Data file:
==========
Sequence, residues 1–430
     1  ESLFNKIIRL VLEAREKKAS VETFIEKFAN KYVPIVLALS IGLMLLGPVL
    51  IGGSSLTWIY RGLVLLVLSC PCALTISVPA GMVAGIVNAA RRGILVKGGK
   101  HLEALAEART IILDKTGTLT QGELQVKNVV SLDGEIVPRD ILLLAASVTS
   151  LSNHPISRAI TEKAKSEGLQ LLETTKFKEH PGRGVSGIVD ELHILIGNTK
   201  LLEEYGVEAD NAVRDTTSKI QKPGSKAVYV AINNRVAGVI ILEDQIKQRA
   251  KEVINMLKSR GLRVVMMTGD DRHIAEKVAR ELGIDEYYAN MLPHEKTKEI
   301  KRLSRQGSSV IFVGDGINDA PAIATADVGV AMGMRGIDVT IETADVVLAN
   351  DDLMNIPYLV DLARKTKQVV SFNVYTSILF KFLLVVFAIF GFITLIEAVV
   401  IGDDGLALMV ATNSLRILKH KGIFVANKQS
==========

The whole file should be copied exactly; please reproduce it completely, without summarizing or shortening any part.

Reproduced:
Sequence, residues 1–430
     1  ESLFNKIIRL VLEAREKKAS VETFIEKFAN KYVPIVLALS IGLMLLGPVL
    51  IGGSSLTWIY RGLVLLVLSC PCALTISVPA GMVAGIVNAA RRGILVKGGK
   101  HLEALAEART IILDKTGTLT QGELQVKNVV SLDGEIVPRD ILLLAASVTS
   151  LSNHPISRAI TEKAKSEGLQ LLETTKFKEH PGRGVSGIVD ELHILIGNTK
   201  LLEEYGVEAD NAVRDTTSKI QKPGSKAVYV AINNRVAGVI ILEDQIKQRA
   251  KEVINMLKSR GLRVVMMTGD DRHIAEKVAR ELGIDEYYAN MLPHEKTKEI
   301  KRLSRQGSSV IFVGDGINDA PAIATADVGV AMGMRGIDVT IETADVVLAN
   351  DDLMNIPYLV DLARKTKQVV SFNVYTSILF KFLLVVFAIF GFITLIEAVV
   401  IGDDGLALMV ATNSLRILKH KGIFVANKQS